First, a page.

I’m bopping around Panama right now, doing an article for a luxury travel website on a small group two-ocean boat trip. First stop is on the Pacific side, hopping around the Pearl Islands—or Isla Perlas.
The best-known destination in this area is Contadora, where there is an airport, a ferry connection and a yacht port. Many of the other islands are deserted or privately owned, however, so it’s not hard to find a private snorkling spot away from it all if you’re in a boat.
This is a popular spot for birds on a migration path, so without even trying you can spot a dozen varieties of birds in five minutes. Besides the requisite gulls and pelicans, there are hawks swooping by, Tiger Herons hanging by the shore vegetation, and Blue-footed Boobies taking a break from the Galpagos. Then there are the Magnificent Frigate Birds.
Frigate birds walk around harassing the others. In one of those weird freaks of nature, these birds can’t get wet. So one way they eat is by skimming over the water and catching fish near the surface. The other way is by harassing weaker birds and forcing them to give up the dinner they just caught. They’re the bullies and thieves of the bird world, each day doing the equivalent of stealing the other kids’ lunch money. It seems to work though: they can live up to 40 years.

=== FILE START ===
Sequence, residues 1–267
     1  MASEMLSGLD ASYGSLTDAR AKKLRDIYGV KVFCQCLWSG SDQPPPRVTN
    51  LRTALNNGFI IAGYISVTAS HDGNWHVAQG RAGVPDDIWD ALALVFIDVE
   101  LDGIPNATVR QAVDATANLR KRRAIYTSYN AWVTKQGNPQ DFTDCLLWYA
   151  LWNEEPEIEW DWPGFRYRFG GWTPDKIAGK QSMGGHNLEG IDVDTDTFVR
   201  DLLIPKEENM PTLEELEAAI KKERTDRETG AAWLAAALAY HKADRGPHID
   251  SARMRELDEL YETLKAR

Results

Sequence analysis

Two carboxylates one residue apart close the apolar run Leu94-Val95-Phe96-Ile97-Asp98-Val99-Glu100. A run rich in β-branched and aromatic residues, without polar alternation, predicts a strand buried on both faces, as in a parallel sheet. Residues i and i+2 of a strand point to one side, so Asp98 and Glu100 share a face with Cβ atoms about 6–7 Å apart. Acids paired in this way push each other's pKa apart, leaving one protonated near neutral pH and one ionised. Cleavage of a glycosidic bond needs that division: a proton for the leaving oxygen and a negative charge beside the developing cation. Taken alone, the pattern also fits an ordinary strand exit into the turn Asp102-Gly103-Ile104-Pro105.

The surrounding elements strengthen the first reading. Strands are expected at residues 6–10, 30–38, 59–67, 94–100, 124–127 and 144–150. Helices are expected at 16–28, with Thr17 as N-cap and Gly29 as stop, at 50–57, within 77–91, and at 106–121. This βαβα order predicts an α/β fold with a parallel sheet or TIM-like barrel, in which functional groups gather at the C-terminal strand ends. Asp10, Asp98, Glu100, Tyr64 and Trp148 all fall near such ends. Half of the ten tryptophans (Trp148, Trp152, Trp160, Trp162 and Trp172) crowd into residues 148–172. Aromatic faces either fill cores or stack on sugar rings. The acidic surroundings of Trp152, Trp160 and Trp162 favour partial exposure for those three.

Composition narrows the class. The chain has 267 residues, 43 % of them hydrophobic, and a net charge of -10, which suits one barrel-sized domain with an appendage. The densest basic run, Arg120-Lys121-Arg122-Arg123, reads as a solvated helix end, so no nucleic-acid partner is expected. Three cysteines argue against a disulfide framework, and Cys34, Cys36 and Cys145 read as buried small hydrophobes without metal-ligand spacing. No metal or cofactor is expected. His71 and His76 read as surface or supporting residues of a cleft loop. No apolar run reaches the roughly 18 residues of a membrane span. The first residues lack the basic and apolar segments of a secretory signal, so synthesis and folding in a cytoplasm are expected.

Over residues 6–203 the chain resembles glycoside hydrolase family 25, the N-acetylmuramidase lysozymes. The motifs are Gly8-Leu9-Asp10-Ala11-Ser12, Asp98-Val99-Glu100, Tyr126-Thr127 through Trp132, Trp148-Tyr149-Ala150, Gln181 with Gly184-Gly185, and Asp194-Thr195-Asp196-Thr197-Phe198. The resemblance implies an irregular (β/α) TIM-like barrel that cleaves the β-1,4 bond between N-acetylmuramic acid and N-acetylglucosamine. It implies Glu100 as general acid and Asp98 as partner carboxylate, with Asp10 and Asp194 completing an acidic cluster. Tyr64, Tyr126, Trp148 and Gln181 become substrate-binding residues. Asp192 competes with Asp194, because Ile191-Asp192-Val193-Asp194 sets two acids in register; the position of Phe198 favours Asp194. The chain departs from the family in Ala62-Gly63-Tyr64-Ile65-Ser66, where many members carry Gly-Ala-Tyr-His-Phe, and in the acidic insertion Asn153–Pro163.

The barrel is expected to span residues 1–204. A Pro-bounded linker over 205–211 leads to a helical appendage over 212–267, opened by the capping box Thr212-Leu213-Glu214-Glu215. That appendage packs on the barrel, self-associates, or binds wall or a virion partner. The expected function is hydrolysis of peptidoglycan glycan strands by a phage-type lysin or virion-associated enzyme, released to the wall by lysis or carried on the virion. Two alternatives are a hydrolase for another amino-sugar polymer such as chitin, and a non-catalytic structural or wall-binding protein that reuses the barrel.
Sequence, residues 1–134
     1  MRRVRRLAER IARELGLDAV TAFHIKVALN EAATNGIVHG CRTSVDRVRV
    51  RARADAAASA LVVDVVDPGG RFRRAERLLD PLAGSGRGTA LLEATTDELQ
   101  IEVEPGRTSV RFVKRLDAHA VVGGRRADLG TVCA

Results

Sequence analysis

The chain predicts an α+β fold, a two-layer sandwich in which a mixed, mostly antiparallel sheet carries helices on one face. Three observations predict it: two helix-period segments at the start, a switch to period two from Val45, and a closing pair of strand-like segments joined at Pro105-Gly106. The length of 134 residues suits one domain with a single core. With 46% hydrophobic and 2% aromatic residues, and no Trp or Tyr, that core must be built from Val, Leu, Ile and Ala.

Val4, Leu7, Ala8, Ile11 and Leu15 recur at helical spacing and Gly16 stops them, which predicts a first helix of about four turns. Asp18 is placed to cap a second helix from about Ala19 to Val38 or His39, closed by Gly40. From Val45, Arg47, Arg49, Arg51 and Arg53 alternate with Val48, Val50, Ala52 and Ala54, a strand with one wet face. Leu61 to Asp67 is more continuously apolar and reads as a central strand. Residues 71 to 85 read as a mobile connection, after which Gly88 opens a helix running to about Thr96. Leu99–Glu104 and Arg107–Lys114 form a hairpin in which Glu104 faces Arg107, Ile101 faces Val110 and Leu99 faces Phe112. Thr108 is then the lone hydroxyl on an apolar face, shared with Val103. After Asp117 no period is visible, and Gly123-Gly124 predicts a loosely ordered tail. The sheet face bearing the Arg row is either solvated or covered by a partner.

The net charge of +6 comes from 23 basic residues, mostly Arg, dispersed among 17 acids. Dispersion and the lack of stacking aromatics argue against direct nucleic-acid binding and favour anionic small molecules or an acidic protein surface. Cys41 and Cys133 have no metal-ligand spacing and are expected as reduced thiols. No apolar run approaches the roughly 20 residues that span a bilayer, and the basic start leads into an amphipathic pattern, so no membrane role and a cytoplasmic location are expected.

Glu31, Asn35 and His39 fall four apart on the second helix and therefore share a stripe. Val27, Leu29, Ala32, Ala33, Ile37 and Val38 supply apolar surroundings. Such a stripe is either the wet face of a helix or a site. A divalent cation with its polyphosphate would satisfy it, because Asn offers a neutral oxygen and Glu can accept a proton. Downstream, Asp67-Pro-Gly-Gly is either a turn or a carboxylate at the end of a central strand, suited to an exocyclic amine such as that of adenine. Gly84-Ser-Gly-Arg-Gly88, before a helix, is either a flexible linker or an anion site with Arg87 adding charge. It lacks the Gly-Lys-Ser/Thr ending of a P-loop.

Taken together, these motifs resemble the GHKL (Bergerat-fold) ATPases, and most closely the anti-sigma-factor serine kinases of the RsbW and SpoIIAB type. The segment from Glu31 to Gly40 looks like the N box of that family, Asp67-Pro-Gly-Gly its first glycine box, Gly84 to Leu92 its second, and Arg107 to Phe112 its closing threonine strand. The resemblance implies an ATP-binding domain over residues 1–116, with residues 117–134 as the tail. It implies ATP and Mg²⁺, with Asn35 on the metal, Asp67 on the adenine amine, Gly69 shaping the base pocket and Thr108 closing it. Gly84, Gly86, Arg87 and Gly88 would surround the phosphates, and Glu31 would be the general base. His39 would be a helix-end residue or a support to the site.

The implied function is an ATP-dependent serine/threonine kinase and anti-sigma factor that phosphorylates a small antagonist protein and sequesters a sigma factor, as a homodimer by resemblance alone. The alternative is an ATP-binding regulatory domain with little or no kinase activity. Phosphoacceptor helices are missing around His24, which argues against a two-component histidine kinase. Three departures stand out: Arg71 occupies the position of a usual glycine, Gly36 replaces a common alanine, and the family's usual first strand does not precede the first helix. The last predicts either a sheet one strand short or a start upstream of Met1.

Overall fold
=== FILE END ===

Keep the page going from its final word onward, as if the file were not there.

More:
Watching pelicans dive from up high to catch fish is always fun, but there’s a dark side to these guys as well. When they start getting old, the protective membrane over their eyes wears out from all the daily diving. Those that make it to old age can eventually go blind. It’s hard to dive for fish when you’re blind, so they don’t last very long after that. They then end up crashing on the rocks, either because they missed the mark or because they gave up and committed suicide.
If you’re looking to retire to Panama someday, this might be a good place to look around. It’s an extra step to get out here from the capital, but it’s relatively early on the development continuim, with several major projects just getting off the ground. There’s a limit to how many sparsely populated islands there are around the world, so the Islas Perlas area is probably a pretty safe bet as far as real estate appreciation goes.